Interview with G. Quayle Neslen, M.D. Founder of Sylva Orthopedics
- Q: Tell us a little about yourself. Where did you study medicine? A: I was born in Dallas, Texas, and I was raised in Whittier, CA. I graduated from the same high school Richard Nixon did. I went to college at Stanford University for my undergraduate, and then I attended graduate school for one year, worked for a year, and then decided to pursue medical school. I graduated medical school at George Washington University in Washington D.C.
2. Q: What factors led you to the decision to open a practice in Sylva, NC? A: The hospital was looking an orthopedic surgeon, and my wife and I were looking for a smaller community as opposed to a larger city. I did my internship after medical school at LA county hospital, and my residency at Grady Hospital in Atlanta, GA. My wife and I had decided we wanted a town smaller than Atlanta and did not want to go back to California. I also liked the idea of being in a place that truly needed my services. Sylva had no orthopedic program at all before the foundation of Sylva Orthopedics.
3. Q: Could you give me some examples to illustrate the challenge you faced in starting Sylva Orthopedics and Associates? A: The hospital wanted to guarantee my income for the first year. After some small negotiations we agreed on a figure, and provided me a location next to their facility for my practice. My next step was to go to the bank for a loan to start my practice. It was easy to get money from the banks in 1980; after I had my capital was when the challenges began.
I had to hire employees; which I had never done. I hired a secretary, and my wife was an RN so the three of us were the entire company to start. Other challenges were my slow learning curve with the book keeping process. All of my training was technical training for medicine. I was not taught the first thing about running a business in medical school.
4. Q: How was the structure of the company determined when the new partners joined the firm? A: My first partner came to Sylva six months after I opened the practice. Our partnership was an equal 50/50 split on expenses, and splitting proceeds based on what revenues you produced. After one year we incorporated instead of remaining a partnership.
As new surgeons joined throughout the years, were brought in as an employee for their first year. If they were satisfactory employees we would offer them a partnership with a monetary buy in after that first year.
5. Q: How did you motivate and reward people?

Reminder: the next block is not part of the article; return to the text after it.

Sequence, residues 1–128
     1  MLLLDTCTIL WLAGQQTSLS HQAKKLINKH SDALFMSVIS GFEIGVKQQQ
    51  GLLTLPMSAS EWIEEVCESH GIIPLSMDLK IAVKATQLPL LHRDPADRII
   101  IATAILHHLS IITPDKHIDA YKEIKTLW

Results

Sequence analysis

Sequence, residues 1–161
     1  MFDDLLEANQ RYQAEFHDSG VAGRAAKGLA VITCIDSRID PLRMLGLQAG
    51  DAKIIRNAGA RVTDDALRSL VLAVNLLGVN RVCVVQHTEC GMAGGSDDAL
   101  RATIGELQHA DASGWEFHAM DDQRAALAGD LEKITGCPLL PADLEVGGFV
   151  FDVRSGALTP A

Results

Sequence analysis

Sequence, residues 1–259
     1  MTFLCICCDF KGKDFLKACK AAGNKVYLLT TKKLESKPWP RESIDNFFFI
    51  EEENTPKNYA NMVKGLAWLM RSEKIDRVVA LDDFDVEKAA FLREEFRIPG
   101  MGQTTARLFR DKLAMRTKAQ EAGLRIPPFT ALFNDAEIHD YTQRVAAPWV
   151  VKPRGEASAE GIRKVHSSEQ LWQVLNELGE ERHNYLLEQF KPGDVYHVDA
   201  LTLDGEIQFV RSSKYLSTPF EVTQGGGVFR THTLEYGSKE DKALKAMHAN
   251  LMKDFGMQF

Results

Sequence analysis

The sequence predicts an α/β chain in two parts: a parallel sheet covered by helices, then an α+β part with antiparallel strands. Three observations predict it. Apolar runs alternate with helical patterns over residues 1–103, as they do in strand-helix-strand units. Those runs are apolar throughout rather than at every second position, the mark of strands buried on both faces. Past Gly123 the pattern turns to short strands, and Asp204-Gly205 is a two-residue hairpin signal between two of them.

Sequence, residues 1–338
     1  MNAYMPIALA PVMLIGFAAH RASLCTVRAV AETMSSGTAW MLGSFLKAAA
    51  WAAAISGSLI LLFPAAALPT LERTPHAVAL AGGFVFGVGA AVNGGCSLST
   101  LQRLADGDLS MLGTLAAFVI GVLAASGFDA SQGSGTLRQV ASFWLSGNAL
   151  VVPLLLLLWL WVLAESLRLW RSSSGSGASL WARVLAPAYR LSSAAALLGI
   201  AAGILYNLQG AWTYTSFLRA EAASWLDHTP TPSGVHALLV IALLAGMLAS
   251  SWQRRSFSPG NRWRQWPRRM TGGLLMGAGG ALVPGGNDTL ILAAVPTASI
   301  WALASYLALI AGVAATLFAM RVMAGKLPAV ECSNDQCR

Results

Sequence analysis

A: Well the promise of potential partnership was good motivator and then once you were a partner it was production based. You eat what you kill, is the term used by other physicians.
For non-partner employees we offered a pension plan and health benefits to help retain our valued employees. However, we would only paid 75% of health care costs. My initial partner and I felt employees would use their health insurance policies more responsible if they had some skin in the game. The 25% help keep our benefits packages from being abused.
6. Q: How did you decide whom to let join your practice when a new surgeon was needed? A: Usually we would have an initial meet and greet with a potential new recruit; this is usually a dinner to get a feel if you like the person. Some legwork was then required to make sure the person is who they represented themselves to be in the interview or dinner. If all his credentials checked out we would give it a shot. It is not an exact science, and mistakes were certainly made.
7. Q: How have the experiences that you have had during your entire career influenced the way you now run your own company? A: I sold the company to the hospital three years ago because of changes in the medical field. My partners left and as time goes by I feel like I am looking from the outside in. I don’t particularly like what I see, but that’s why I am retiring.
If I had it to do over again, I would place more focus on running my organization as a business. For me life was always about practicing medicine. Over the last thirty-two years the firm has become more about being a business. I think this is part of what is wrong with medicine, but I would certainly have a different perspective if I was to do it again.